That's Rich: Game of Shows

Good show preparation always pays its debts.
Rich Porayko
March 05, 2018
By Rich Porayko
Rich Porayko
Rich Porayko
Brace yourself: tradeshow season is coming. One does not simply show up at a tradeshow and start exhibiting. Winter is almost over and now is a great time to get prepared.


Industry events happen all the time but the big ones are typically bookended in the spring and fall. I am always surprised when a company doesn’t create an event calendar. It should be done even before holidays are scheduled so key players aren’t double-booked. When it comes to company activities of this importance, a lion does not concern himself with the opinion of sheep. If you plan on sending a team to a particular event, this is a good time to block out office holidays during the absences so that there are staff available at the office to pick up the slack.

I’m using the word calendar but what I really mean is a communication tool. You know how your staff always says that communication needs to be improved? They don’t want corporate fluff. This is what they are talking about. Who, what, when, where, why and how much.

Once you have your year planned out, consider the best way to take advantage of key events. For starters, be present and engaged. Plan on arriving early and leaving late. Flag the presentations you want to catch and the companies you want to visit. If you travel out of town and spend valuable show time in your room “doing email” and not where the action is, you are missing an opportunity.

If you have a bit too much of a good time after hours, suck it up, Buttercup. Large water, coffee, ibuprofen, fresh breath, eye drops, repeat.

If you have a display, booking early is your best bet to secure a good location, which is crucial for a good booth. Many tradeshows avoid putting competitors near each other so even if there are good locations still vacant, they may not be available if a competitor is parked across the aisle.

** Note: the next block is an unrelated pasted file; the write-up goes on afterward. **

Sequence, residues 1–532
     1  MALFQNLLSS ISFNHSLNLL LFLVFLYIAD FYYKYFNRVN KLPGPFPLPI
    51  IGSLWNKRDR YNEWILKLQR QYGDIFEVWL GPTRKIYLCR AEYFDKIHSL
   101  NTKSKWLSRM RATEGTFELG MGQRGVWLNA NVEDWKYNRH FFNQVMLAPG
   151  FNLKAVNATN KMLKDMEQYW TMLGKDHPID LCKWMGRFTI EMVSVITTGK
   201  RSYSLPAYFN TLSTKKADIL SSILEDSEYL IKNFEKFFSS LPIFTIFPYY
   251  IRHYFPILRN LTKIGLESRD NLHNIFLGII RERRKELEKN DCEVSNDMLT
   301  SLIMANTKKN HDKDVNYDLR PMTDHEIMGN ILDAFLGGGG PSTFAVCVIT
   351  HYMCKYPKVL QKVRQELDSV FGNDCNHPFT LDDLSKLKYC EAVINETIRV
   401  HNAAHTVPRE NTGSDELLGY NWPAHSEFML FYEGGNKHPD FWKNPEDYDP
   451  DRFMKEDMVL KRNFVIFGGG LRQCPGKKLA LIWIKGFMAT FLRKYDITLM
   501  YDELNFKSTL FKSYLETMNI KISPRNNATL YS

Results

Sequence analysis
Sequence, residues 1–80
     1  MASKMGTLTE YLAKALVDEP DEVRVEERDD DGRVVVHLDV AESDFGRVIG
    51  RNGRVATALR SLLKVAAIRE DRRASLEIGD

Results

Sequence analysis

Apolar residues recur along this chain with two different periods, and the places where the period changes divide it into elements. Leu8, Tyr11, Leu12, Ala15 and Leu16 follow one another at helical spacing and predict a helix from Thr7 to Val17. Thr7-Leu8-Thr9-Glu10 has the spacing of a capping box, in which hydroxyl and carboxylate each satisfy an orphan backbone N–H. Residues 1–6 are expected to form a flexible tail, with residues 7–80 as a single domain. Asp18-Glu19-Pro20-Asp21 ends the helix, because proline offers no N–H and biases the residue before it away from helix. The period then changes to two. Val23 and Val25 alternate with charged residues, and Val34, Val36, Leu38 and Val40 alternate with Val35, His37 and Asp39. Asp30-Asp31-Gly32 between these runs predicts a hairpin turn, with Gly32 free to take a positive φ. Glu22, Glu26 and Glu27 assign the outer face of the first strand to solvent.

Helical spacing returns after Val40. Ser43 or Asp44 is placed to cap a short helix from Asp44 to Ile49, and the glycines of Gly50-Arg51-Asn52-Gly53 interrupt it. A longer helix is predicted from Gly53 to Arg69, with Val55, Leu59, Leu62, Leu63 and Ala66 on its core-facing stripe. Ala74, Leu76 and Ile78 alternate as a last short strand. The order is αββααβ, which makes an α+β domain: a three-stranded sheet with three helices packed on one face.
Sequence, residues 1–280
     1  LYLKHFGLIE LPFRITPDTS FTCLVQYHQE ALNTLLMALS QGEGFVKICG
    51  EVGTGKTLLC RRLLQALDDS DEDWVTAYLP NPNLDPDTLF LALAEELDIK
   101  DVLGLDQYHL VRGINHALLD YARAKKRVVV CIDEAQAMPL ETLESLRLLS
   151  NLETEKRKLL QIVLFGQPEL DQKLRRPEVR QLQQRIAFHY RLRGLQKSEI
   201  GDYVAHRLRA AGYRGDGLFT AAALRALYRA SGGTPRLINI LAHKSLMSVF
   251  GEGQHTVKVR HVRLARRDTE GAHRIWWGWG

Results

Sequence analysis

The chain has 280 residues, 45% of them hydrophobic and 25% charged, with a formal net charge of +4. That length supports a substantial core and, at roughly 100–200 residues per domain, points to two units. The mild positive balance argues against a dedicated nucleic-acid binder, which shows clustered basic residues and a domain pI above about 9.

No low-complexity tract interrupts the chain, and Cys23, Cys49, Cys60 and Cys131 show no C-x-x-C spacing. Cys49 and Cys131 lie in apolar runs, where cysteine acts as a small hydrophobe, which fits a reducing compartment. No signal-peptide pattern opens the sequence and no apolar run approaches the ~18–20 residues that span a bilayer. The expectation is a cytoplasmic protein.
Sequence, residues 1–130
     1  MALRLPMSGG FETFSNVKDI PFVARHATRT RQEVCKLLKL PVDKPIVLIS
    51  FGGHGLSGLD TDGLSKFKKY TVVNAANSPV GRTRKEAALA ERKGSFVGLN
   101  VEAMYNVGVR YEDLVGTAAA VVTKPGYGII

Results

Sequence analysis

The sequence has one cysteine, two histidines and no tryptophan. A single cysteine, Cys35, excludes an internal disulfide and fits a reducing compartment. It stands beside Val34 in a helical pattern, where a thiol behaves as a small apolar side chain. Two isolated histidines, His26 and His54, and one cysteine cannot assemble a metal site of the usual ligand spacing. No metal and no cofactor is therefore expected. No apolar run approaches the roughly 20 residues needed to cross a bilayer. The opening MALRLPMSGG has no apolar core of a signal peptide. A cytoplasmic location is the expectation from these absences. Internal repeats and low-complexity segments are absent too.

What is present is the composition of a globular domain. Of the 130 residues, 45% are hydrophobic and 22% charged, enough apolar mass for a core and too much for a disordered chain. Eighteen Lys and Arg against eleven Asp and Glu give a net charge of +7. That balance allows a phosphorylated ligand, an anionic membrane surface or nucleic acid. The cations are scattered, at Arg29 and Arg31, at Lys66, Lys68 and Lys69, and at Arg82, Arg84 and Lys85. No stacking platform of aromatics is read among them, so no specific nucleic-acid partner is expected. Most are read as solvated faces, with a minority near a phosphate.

I’m a slow learner, it’s true, but I learn. I’ve been known to rant early and often about the cardinal sins of exhibiting at tradeshows: eating, sitting, texting, talking on a phone, clutter, forgetting business cards. The solution is simple. Just don’t do it.

Staffing can be tricky. Too many staff lurking in the booth will scare visitors away. Too few can leave visitors waiting for information. This isn’t necessarily a bad thing. If I learned one thing from managing tradeshow booths is that crowds attract crowds. Like a juggernaut, if your booth is busy, momentum will build, drawing more and more visitors. Granted, many of these are often literature/swag collectors (and competitors, often from overseas) that use the mob as a distraction to grab and run.

I’m often asked about the size of the booth. There are a lot of different factors but my general rule of thumb is to go with a double booth (10-by-20 feet) preferably on an endcap or you don’t go at all.

Even if you aren’t exhibiting at a booth, there are ways to build brand awareness during industry events. Consider sponsorships or submit a call for papers to present a seminar. At the very least, dinner with existing or potential partners goes a long way. Nothing replaces face time. Some of my longest and strongest relationships started out at a welcome reception or tradeshow dinner.

There are exceptions but, for the most part, leave your spouse/partner at home. They get in the way. Spouses often don’t realize that conferences and tradeshows are a lot more work than they think they are. There is very little downtime. For professionals that take trade events seriously, shows start at breakfast, last all day and carry on into cocktail receptions and late dinners.  

Don’t forget about follow-ups. Whether you are exhibiting, walking the show floor or attending seminars, follow ups are what it’s all about. If you return from an event without any deliverables or follow-ups, it’s safe to say that either you lost focus or it was a dud and not worth attending in the future. Once you’ve accepted your flaws, no one can use them against you.


Rich Porayko is a professional writer and founding partner of Construction Creative, a marketing and communications company located in Metro Vancouver, This e-mail address is being protected from spambots. You need JavaScript enabled to view it

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